Rhythms and plasticity: television temporality at home

Irani, L., Jeffries, R., and Knight, A. Rhythms and plasticity: television temporality at home. Personal Ubiquitous Comput. 14 (October 2010), 621–632. [PDF]


This work focuses on new temporalities of media consumption in the home as enabled by new media technologies. The authors conducted in-home interviews and diary study with 14 households over two weeks. They found many instances of the classic image of television temporality, namely families relaxing together in front of the television. They also found examples of time-shifting to adjust broadcasts to fit one’s agenda. However, they also found a range of complex temporal patterns that sit between these two extremes.

They found many instances of rhythmic television watching. These are subject to change and are negociated. When made visibles these are a source for social coordination. DVR technologies allowed people flexibility in the times they watched television.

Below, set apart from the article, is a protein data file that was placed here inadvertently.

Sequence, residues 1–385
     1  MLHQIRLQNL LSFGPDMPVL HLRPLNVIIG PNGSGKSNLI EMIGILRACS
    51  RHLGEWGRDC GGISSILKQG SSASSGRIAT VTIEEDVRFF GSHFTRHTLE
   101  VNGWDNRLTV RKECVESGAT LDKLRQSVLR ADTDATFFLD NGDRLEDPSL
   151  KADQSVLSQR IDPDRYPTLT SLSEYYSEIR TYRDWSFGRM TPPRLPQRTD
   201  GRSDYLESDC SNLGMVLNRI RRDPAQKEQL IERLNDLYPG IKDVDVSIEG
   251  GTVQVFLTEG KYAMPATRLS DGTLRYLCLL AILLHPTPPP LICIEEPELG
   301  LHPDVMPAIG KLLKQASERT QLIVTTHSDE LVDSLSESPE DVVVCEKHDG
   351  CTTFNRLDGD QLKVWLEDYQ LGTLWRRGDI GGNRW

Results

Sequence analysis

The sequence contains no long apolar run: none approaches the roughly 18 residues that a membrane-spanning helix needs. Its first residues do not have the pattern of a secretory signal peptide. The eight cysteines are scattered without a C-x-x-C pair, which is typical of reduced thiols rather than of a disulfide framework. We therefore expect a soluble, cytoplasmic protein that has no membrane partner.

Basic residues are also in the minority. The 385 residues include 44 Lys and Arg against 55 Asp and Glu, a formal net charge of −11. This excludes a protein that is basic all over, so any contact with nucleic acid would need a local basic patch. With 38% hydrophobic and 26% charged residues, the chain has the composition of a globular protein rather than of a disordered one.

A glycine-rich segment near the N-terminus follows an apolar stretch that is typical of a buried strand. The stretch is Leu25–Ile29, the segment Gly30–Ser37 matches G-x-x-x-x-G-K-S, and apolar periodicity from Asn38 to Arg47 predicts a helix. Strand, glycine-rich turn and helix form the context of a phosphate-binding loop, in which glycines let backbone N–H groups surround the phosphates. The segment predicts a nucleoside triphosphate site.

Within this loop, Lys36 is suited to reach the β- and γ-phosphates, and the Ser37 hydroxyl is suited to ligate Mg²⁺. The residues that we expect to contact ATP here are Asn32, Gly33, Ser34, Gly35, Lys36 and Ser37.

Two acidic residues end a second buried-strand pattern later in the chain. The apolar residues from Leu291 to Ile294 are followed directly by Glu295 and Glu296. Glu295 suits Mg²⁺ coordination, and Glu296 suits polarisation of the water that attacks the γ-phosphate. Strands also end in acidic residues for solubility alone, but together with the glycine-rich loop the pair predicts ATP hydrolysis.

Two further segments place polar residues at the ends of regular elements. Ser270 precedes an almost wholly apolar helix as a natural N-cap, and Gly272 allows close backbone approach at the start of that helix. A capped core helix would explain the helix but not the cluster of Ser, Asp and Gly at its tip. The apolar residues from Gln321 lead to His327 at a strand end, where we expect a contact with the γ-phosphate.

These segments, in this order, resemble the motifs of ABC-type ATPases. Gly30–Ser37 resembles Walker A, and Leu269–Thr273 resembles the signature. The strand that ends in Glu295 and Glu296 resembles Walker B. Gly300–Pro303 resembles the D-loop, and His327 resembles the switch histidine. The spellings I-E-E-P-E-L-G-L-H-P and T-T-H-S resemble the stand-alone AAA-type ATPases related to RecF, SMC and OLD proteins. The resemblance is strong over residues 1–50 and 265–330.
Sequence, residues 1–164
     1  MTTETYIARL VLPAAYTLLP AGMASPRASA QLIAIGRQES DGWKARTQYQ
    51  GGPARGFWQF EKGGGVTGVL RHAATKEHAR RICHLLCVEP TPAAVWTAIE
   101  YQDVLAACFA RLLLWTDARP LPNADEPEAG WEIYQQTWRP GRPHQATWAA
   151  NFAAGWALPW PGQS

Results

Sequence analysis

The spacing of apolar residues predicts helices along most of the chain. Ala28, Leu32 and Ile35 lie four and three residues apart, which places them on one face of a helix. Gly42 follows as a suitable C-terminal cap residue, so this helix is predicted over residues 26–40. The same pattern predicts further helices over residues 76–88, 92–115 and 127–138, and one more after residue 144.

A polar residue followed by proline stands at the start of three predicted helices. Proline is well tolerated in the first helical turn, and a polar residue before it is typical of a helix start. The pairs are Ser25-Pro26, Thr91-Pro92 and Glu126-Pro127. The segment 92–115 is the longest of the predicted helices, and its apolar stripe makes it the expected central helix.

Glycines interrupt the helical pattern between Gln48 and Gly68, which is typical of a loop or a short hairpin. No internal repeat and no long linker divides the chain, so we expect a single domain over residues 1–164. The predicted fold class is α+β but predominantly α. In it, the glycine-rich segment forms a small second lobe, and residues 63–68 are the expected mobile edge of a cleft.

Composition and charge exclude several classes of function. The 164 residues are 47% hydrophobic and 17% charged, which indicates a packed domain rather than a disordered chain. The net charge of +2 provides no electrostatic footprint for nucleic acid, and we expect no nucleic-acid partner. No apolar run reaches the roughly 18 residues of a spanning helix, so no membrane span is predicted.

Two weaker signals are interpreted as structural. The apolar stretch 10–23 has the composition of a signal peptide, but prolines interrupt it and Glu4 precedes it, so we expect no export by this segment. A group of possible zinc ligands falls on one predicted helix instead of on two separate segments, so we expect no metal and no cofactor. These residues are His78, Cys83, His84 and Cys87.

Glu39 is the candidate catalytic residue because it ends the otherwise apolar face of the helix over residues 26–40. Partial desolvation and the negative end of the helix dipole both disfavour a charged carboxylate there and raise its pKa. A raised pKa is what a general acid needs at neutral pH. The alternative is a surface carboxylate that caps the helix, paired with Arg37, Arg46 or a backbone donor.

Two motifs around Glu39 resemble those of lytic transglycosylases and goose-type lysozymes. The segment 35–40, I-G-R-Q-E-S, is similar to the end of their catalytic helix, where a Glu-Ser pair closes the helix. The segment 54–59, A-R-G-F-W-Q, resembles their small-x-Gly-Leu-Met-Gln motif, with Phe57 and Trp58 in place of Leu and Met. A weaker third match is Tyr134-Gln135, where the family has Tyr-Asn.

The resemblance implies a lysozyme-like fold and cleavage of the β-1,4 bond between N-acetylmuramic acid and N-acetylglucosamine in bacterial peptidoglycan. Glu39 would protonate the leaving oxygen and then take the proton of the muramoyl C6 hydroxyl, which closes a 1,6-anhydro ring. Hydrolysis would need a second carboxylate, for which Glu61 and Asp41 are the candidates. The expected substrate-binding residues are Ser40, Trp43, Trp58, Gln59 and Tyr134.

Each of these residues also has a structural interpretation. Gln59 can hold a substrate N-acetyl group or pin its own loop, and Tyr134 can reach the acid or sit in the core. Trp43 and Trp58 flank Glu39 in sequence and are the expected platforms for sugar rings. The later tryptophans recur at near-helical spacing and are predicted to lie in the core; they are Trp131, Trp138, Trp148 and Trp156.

They found that rhythms might span across households. However, while most of the previous literature focused on the synchronous nature of these social events, they found instances of watching television independently at individually convenient times that still sustained the rhythm of the collective discussion experiences.

They also found accounts of “plastic” television watching. Plastic time activities are the variable, ad hoc time that fits between or along with other activities. On Demoand cable television allowed users to browse lists of shows, find one that fit into one’s anticipated amount of time, and immediately begin watching. This kind of television would also allow users to skip not relevant or interesting content or to watch more episodes of a series of interest.

The study concludes with interesting and relevant design implications:

1) the design and support of temporal awareness may support the sociality of television. Design that support asymnchronous sociality might also support some users keep up with television shows.

2) on demand TV might support plastic time by having a selection of very short video segments;

3) recommender systems would benefit from sense of timing and social awareness and realizing that timing might be as important as the stories or genres presented.

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